Some of Assaggiare Mendocino’s most popular cooking classes involve learning new ways to prepare old fashioned food. Healthy eating is also highlighted, with classes on vegetable cookery and local seafood. One of Julia’s favorite assignments is an annual cooking class for the Fort Bragg Brownie Scouts. Some of the themes featured have been personal pizza and fresh individual apple pies. She especially enjoys teaching children to cook, carrying on the tradition handed down from her grandmother those many years ago. During her stint as a cheese monger for several Northern California specialty stores, Julia discovered and developed her expertise in the fine art of food and wine pairing, and as a result, is sought after as a speaker and instructor at local wineries and tasting events. Continued studies at the Culinary Institute of America at Graystone have provided the opportunity to collaborate with chefs on the forefront of wine country cooking and the developing science of taste. In fact, Julia’s idea of a vacation is to travel to the Napa Valley and take a week long intensive class there, continuing to challenge her ever-evolving expertise. She also reads cookbooks as if they were literature, the latest endeavor being Clifford A. Wright’s “A Mediterranean Feast, the Story of the Birth of the Celebrated Cuisines of the Mediterranean, From the Merchants of Venice to the Barbary Coast…” a James Beard Award-winning textbook on the effects of food on culture in the cradle of civilization. When asked what she would study if she ever returned to the university, Julia noted that “…(she) would study Sociology and Cultural Anthropology, perhaps preparing a thesis on how food effects culture and vice versa.” Instead, however, she plans to continue to teach and cook, allowing her to spread the word organically, rather than as an academic subject. One of Slow Food’s precepts is, in simple terms, “Farmers equal Freedom” and this is illustrated on the button seen on Julia’s jacket, with an outline of a farmer juxtaposed with an outline of the Statue of Liberty. This simple phrase sums up her philosophy. “It’s all about the farmers,” says Julia, “the work of their hands puts the food in our mouths. We should never forget our connections with these people and the land. Once we lose that, we can never go back.” Citing a middle school nephew from the city who would not drink milk after finding out it came from “under a cow,” she notes that it is the responsibility of our generation to pass on the traditions that we often take for granted. “Food in a supermarket is often so removed from its origins, it is unrecognizable. Each one of us should take the time to encounter our food in its original state at least once, so that we can develop a reverence for the natural and human capital required to feed us. Then, perhaps we will stop wasting as much as we do. I teach in order to learn, and to pass on the love and respect for our abundant and diverse heritage that was given to me by my ancestors.” The growing suburban sprawl across California’s agricultural lands is particularly troubling to Conway. “Immigrants to our area from the old country settled here because it reminded them of home, and it was a way they could provide a livelihood for future generations. Once the land is gone, there is nothing left to tie us to that rich birthright.” She continues to be active in land use and agriculture politics, both locally and through Slow Food and a sister organization called Roots of Change (www.rocfund.org), which is endeavoring to revamp the food production and distribution system in California by 2030.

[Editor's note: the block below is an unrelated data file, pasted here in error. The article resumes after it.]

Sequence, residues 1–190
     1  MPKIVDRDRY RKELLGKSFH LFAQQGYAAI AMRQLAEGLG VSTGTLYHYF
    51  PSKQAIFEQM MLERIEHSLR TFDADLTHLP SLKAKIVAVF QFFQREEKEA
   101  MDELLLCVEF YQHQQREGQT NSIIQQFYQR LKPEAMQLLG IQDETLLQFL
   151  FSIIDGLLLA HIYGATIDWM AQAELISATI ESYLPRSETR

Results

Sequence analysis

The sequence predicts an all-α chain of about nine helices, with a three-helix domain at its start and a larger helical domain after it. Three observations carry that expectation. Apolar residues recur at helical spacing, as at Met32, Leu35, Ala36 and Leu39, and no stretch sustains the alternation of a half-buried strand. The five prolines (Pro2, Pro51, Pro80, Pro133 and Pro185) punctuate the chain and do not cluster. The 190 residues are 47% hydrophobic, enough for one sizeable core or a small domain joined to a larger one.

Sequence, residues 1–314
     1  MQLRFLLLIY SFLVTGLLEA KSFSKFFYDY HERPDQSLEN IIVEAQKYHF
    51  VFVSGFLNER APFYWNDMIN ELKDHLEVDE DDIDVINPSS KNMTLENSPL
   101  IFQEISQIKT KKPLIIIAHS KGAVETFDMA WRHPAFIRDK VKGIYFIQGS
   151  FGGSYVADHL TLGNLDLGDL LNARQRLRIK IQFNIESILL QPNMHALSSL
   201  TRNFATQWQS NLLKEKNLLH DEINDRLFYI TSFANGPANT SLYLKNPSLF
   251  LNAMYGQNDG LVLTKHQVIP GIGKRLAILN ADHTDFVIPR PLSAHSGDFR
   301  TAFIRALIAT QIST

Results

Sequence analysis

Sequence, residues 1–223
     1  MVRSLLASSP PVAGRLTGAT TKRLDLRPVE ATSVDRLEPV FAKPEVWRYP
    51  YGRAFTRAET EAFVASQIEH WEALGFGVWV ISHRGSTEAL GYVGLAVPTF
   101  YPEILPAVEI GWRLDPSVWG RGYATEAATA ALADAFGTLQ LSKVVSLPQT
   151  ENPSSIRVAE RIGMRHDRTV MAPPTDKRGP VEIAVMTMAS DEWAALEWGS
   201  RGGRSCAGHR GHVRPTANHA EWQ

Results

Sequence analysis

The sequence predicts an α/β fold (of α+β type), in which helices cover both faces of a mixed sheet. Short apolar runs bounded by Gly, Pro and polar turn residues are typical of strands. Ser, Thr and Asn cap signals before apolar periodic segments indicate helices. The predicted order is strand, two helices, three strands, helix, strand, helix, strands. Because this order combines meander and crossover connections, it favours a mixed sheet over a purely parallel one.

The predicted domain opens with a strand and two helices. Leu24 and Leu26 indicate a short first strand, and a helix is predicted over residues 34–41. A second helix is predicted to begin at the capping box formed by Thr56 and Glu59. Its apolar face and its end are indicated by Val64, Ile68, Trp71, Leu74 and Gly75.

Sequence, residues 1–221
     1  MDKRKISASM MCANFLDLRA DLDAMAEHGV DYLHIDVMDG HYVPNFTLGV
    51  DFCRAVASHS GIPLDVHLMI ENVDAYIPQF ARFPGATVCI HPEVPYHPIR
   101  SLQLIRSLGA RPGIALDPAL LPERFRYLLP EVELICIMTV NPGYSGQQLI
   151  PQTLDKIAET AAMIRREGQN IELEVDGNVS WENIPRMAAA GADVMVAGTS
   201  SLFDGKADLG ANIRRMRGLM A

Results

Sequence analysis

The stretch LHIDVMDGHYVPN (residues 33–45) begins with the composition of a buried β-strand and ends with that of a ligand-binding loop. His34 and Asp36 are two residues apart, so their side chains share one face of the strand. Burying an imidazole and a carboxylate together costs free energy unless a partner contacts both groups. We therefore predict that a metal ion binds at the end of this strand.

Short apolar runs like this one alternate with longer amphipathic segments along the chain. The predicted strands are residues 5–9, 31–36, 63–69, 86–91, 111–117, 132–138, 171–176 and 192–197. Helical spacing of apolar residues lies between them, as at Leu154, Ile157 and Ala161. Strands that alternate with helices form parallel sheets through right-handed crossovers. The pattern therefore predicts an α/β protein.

Dubbed “an itinerant foodie” by her husband of over twenty years, Julia’s passion for the culinary arts is interspersed through all aspects of her life today. Whether she is on the road for Stella Cadente or promoting Mendocino County in her role as At-Large Commissioner for the Mendocino Winegrape and Wine Commission, she is untiring in her quest to share the joys of the table with others. Her teaching kitchen in her home on the Mendocino coast features all the amenities of a commercial kitchen, plus a Tuscan wood-fired oven and a view of the surrounding redwoods from the bright and cheerful sunroom. Her annual New Year’s Day party is regarded as the highlight of the holiday season, with a come-one, come-all open house and make-your-own pizza event. Surrounded by her friends and colleagues, their children, parents and dogs, she is the most at ease. The convivial chaos is heartening, as guests gather from miles around to share the joys of the table together. “It is almost impossible to hate someone you break bread with,” Julia notes. We can all learn a little something every time we come to the table.

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 Vineyards of Anderson Valley